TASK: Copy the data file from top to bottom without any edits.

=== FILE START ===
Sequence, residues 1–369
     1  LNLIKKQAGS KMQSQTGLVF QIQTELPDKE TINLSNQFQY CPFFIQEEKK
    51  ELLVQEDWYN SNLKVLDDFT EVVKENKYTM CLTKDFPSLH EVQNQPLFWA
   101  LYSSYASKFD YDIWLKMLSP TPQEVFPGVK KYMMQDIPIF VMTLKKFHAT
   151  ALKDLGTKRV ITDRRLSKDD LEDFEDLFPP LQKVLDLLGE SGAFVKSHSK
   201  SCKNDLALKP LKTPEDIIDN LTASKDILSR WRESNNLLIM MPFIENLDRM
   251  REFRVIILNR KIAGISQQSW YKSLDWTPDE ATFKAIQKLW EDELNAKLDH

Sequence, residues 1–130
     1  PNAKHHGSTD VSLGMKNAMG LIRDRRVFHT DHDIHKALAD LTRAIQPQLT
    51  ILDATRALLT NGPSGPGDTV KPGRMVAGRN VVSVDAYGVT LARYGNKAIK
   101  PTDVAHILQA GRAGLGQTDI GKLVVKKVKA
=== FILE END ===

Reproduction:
Sequence, residues 1–369
     1  LNLIKKQAGS KMQSQTGLVF QIQTELPDKE TINLSNQFQY CPFFIQEEKK
    51  ELLVQEDWYN SNLKVLDDFT EVVKENKYTM CLTKDFPSLH EVQNQPLFWA
   101  LYSSYASKFD YDIWLKMLSP TPQEVFPGVK KYMMQDIPIF VMTLKKFHAT
   151  ALKDLGTKRV ITDRRLSKDD LEDFEDLFPP LQKVLDLLGE SGAFVKSHSK
   201  SCKNDLALKP LKTPEDIIDN LTASKDILSR WRESNNLLIM MPFIENLDRM
   251  REFRVIILNR KIAGISQQSW YKSLDWTPDE ATFKAIQKLW EDELNAKLDH

Sequence, residues 1–130
     1  PNAKHHGSTD VSLGMKNAMG LIRDRRVFHT DHDIHKALAD LTRAIQPQLT
    51  ILDATRALLT NGPSGPGDTV KPGRMVAGRN VVSVDAYGVT LARYGNKAIK
   101  PTDVAHILQA GRAGLGQTDI GKLVVKKVKA